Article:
In an additional alternate embodiment, the invention is a method. The method includes accepting a user request at a keypad, to process an audio file located on a primary device's storage location. The method also includes converting the user request to an entry code. The method also includes transmitting the entry code to an audio device. The method further includes determining the entry code's function. The method further includes locating the audio file on the audio device's storage location. The method further includes processing the audio file.

The invention provides, in various embodiments, a method and architecture which may play audio files of multiple formats (e.g. MP3, WMA, AAC) from a primary device's (e.g. notebook computer, audio jukebox, etc...) storage location (e.g. CD-RW, hard drive, SmartMedia), or record voice to a primary device's storage location while the primary device is in a power saving mode (e.g. power off mode, suspend mode, sleep mode, or a similar power saving mode).

One embodiment described is a low-power, single chip, audio file (e.g. MP3) player with a direct IDE interface to a storage location (e.g. hard drive, CD-RW, SmartMedia). In this embodiment, an MP3 decoder, 8051 micro-controller, ATAPI interface, IDE interface, keypad interface, and CODEC interface are incorporated. This embodiment may be suitable for low-power audio file (e.g. MP3) playback applications such as a laptop while in OFF mode.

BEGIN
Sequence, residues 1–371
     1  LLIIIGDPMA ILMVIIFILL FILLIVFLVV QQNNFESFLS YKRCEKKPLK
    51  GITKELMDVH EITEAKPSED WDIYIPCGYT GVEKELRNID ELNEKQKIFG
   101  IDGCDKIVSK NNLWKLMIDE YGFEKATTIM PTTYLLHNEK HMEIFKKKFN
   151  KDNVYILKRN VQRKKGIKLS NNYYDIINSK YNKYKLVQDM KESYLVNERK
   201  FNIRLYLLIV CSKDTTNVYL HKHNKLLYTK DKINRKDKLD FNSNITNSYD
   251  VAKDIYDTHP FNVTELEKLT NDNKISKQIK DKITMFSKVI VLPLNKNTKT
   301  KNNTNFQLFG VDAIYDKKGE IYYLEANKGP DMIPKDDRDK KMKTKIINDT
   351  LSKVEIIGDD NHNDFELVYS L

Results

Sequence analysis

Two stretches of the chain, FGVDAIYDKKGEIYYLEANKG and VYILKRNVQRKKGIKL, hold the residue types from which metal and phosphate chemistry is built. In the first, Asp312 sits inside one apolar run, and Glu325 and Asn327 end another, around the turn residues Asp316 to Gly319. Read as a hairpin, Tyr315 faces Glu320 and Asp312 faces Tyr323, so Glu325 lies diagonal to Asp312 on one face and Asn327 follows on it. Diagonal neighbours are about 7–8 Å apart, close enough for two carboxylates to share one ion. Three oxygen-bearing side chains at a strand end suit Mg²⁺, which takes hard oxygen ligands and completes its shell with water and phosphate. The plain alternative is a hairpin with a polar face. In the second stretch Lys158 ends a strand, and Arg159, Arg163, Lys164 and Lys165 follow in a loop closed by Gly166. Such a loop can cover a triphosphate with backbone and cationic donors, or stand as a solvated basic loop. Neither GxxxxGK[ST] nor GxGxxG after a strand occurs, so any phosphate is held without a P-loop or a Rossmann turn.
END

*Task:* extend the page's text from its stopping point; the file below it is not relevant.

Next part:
FIG. 4 illustrates an embodiment of the architecture described within a system 400. The audio device 401 described may be implemented on a single integrated circuit or on multiple integrated circuits; the embodiment described is not limited to playing audio files of the CD audio format (e.g., CD_DA) from the computer's storage locations. The architecture of the embodiment described may play MP3, WMA, or the AAC formats. Furthermore, the embodiment described may be modified through software upgrades to handle additional or different audio formats. Also, the embodiment may be used to record voice to a storage location on the computer while the computer is in a power saving mode.